Notes from Recodo Road: Anolis marcanoi

I had a bit of free time to take photos along the Recodo Road this afternoon and managed to get a few nice shots of Anolis marcanoi and its spectacular dewlap. Anolis marcanoi was among the first anoles to be described with the aid of genetic data, with early electrophoretic work being used to confirm that it was genetically distinct from sympatrically distributed populations of A. cybotes that have white or pale yellow dewlaps (Webster 1975, Williams 1975 [they’re a bit of a pain to access, but both articles are available via the Biodiversity Heritage Library]). Although they were initially regarded as ‘sibling species,’ subsequent phylogenetic work suggests that A. marcanoi is in fact the outgroup to all remaining species of cybotoid anoles (A. cybotes, A. longitibialis, A. strahmi, A. breslini, A. whitemani, A. shrevei, and A. armouri). Interactions between A. marcanoi and A. cybotes were also the subject of Losos’s (1985) famous ‘lipstick’ study in which “True Red” lipstick was used to experimentally render the dewlaps of A. cybotes a similar hue to those of A. cybotes (A. marcanoi males, in turn, had their dewlaps painted white with “Superior Clown White Make Up” to make them look like A. cybotes). This study remains one of the only investigations to date to address the role of the dewlap in species-recognition.  We have our last day of work in the field tomorrow before heading back to snowy Rochester!

About Rich Glor

Assistant Professor of Biology at the University of Rochester and longtime anole enthusiast.
This entry was posted in Notes from the Field. Bookmark the permalink.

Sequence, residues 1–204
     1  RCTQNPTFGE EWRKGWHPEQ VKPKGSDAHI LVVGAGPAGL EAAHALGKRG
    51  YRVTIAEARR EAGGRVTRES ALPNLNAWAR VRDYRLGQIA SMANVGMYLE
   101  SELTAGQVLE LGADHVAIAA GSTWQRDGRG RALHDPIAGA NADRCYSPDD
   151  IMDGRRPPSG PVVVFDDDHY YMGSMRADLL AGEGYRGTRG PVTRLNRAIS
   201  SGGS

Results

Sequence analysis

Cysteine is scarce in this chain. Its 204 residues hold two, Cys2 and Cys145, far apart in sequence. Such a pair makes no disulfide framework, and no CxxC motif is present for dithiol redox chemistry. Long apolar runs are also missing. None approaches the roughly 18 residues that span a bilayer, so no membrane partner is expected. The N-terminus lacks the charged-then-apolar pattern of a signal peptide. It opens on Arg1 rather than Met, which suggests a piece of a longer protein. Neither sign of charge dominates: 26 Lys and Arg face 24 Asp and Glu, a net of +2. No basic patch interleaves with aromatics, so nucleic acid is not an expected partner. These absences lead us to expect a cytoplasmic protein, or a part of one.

4 Responses to Notes from Recodo Road: Anolis marcanoi

  1. lukemahler says:

    You rat! You got the coveted marcanoi dewlap shot… Nice work man.

  2. Rich Glor says:

    This 70-200mm lens is a game changer. As much as I’ve enjoyed the challenge of shooting with no more than a 105mm macro for the past decade, I can see myself getting hooked on the telephoto…

  3. lukemahler says:

    Exactly. A macro lens will probably always be the main lens of the general herpetologist, but shooting anoles is more like shooting birds than, say, frogs (good luck getting a good looking shot of an anole once you’ve caught it and it’s turned brown). I think telephoto is where it’s at.

  4. Pingback: Crossing the Rio Bani in Search of Anolis distichus |

Leave a Reply

Fill in your details below or click an icon to log in: Logo

You are commenting using your account. Log Out /  Change )

Twitter picture

You are commenting using your Twitter account. Log Out /  Change )

Facebook photo

You are commenting using your Facebook account. Log Out /  Change )

Connecting to %s